“I’m impressed,” Victor Fleischer, a law professor at the University of San Diego and an expert in hedge-fund and private-equity compensation, said when told what Farallon disclosed to The Post last week. “It’s unusual for somebody who has been involved in the founding of a company to completely separate from it.”

Steyer has described his exit as a matter of personal morality.

“I came to realize I could no longer in good conscience remain in a business that by definition was invested in every sector of the economy, including the energy sector,” he said in an April statement.

He told students at the University of California at Santa Barbara last month that he left his firm because he saw global warming as a defining challenge for his generation, just as World War II was for a previous one.

“If it doesn’t change, we are completely screwed,” Steyer said, exhorting the audience to action. “What we have to do is push to make the change. . . . And that’s actually why I quit my job — to try to be one of the pains in the ass.”

Profits vs. values

Steyer’s move into big-money politics would not be possible had he not reaped a fortune in part through fossil-fuel investments.

A native New Yorker who graduated from Yale and got an MBA from Stanford, he moved aggressively and quickly into the world of money management. He named his new hedge fund, Farallon, after a group of islands off the Northern California coast favored by sharks. Farallon would become one of the largest and most successful hedge funds in the world.

Public records filed with the Securities and Exchange Commission show that Steyer invested in fossil fuels at multiple points over the years, with Farallon buying shares of oil, coal and natural gas firms. Investments included BP and mining companies in the United States and around the world. Farallon’s second-largest holding in September 2012, a month before Steyer announced his departure, was a $220 million investment in the oil-and-gas giant Nexen.

An early point of tension between his drive for profits and his liberal ideology came a decade ago, when Steyer and his wife were caught off guard by Yale students’ push — which quickly spread to other college campuses — to protest their school’s investments in Farallon funds.

Calling their group “Un-Farallon,” the students pointed to allegations that companies in which Farallon invested had used unfair labor practices and fouled the environment. Public demonstrations included a giant papier-mache globe being smashed by a woman wearing a sign that said “My name is Farallon Capital Management.”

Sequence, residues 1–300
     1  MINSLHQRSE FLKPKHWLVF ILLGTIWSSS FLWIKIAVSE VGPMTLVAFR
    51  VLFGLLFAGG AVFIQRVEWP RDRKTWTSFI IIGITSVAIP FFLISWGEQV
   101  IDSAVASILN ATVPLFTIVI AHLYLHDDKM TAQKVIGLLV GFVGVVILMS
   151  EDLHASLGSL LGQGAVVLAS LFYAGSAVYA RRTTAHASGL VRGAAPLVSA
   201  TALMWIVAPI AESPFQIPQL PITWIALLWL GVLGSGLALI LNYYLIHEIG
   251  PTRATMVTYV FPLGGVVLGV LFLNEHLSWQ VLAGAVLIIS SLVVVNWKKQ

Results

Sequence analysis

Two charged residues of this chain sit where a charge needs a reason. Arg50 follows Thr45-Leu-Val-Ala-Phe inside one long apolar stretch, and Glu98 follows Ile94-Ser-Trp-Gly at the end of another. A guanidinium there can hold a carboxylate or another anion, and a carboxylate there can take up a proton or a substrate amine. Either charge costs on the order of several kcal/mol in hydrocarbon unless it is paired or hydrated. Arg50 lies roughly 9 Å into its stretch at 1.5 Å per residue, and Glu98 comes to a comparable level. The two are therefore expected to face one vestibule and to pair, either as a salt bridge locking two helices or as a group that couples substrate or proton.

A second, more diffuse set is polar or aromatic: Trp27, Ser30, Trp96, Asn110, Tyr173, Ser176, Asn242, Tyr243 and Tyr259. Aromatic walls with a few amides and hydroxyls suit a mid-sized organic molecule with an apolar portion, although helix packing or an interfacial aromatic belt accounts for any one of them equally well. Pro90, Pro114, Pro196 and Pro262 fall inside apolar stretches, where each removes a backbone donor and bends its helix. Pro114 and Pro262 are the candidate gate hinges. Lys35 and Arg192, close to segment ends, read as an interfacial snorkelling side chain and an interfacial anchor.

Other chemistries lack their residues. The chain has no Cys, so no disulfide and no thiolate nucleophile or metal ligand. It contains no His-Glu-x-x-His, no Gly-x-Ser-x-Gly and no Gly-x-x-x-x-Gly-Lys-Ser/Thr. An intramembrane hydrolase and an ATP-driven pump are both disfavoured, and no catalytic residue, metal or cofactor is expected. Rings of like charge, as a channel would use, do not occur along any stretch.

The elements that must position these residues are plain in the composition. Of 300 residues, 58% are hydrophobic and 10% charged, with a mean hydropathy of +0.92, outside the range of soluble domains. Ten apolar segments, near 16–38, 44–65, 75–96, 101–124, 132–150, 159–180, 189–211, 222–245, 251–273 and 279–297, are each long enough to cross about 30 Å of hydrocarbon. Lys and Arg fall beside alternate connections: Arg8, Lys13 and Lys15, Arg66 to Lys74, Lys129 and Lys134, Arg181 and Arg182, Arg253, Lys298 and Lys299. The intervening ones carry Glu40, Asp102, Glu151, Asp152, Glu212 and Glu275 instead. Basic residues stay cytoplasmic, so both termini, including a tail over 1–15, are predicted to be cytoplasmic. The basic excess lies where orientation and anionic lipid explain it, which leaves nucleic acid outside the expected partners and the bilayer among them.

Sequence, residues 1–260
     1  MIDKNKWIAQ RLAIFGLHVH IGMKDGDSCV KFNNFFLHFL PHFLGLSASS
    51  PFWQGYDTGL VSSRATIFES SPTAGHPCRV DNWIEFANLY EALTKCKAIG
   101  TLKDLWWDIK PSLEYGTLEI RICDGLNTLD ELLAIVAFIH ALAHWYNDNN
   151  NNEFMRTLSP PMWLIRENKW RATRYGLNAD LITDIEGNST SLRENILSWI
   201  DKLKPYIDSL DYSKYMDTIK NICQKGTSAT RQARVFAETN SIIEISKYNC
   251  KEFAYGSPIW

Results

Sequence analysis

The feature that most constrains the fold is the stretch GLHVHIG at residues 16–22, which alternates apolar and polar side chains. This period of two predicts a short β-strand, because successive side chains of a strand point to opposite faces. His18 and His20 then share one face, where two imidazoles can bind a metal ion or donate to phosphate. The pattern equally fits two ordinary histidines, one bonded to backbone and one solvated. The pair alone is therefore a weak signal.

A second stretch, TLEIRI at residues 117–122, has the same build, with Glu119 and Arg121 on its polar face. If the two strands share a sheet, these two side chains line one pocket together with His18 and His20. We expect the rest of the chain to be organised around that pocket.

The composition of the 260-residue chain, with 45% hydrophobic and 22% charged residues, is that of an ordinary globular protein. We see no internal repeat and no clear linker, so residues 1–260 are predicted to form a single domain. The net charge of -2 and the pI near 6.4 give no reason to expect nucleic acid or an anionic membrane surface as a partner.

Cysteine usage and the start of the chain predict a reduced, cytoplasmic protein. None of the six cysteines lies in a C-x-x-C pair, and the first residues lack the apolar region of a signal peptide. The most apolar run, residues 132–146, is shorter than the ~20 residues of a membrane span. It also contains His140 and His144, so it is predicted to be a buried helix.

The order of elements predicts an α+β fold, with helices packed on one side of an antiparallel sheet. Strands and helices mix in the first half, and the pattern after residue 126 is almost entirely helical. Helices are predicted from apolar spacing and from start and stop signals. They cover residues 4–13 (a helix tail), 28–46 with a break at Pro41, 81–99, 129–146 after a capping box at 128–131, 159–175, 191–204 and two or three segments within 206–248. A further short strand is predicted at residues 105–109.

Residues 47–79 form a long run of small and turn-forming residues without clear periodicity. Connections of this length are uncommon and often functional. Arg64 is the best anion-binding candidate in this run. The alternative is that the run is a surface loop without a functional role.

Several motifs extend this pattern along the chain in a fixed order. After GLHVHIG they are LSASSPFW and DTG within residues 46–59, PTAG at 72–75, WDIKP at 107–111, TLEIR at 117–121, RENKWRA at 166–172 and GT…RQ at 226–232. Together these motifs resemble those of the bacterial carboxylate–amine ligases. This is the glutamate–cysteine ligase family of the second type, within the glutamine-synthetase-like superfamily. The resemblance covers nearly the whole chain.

The protests embarrassed Steyer and his wife, Kat Taylor, who were major donors to Democratic causes. They began to wonder if, and when, they might bring their business interests in line with their values.

“It was a little flare going off in our minds,” Taylor told Men’s Journal for a profile of Steyer that was published in February. At the time, she said, they both thought: “One day we want to be totally aligned. We haven’t earned that moment just yet, but we’re going to get there.”

Steyer recently identified another moment of critical self-reflection — his 2007 appointment to the Stanford board of trustees.

“When I came on the board, I asked myself, what can a great university do to distinguish itself, to . . . make a difference in the world?” he said last month in a speech to the Vermont Law School. “So it really forced me to think, what are the things that are confronting us as a society, and how can we respond to them? . . . I decided it was climate.”

With President Obama’s 2009 inauguration, Steyer said, he began to believe that policies could be enacted to help avert a climate disaster.

Steyer entered the political fray in 2010, when he donated $5 million and raised more for a successful campaign in California to defeat a ballot initiative pushed by Koch Industries, owned by Charles and David Koch, and other fuel refiners that would have rolled back new limits on greenhouse-gas emissions.

Going for a hike

A final milestone came in the summer of 2012, when Steyer phoned McKibben after reading his call in Rolling Stone magazine for a movement to divest from fossil-fuel companies that he said were profiting from the demise of the planet.

It was McKibben’s idea to go on a hike in the Adirondack range, not far from his home in Middlebury, Vt. “Didn’t know a thing about him,” McKibben said in an e-mail to The Post. “That’s why I suggested a hike instead of a meeting — if nothing came of it then at least I’d get a good hike in.”

McKibben said he was impressed by Steyer’s views on opposing the Keystone pipeline, which was emerging as a difficult decision for the Obama administration.

“I think he understood the logic of the Keystone fight right away — that it was crucial in its own right and also a way to draw a line in the sand,” McKibben said.

Steyer was criticized last year by pro-Keystone Republicans, who accused him of not disclosing his financial interests in the Canadian tar sands even as he talked about his moral opposition to the pipeline.

Farallon had invested in a large energy company, Kinder Morgan, that owned a pipeline connecting the Canadian tar sands to a Pacific port. Industry analysts say the Houston-based company, which is seeking to expand its pipeline, would provide one transportation alternative for tar sands oil to get to market if the Keystone project failed to get approval.

Responding to the complaints, Steyer last year said his Kinder Morgan investments would be sold by the end of 2013 and the profits donated to charity.

Last Friday, at the same time The Post was asking Steyer and Farallon about his investments, Steyer publicly announced that he was creating the charity he had promised — devoting $2 million to help those hurt by wildfires and other extreme weather events.

Alice Crites contributed to this report.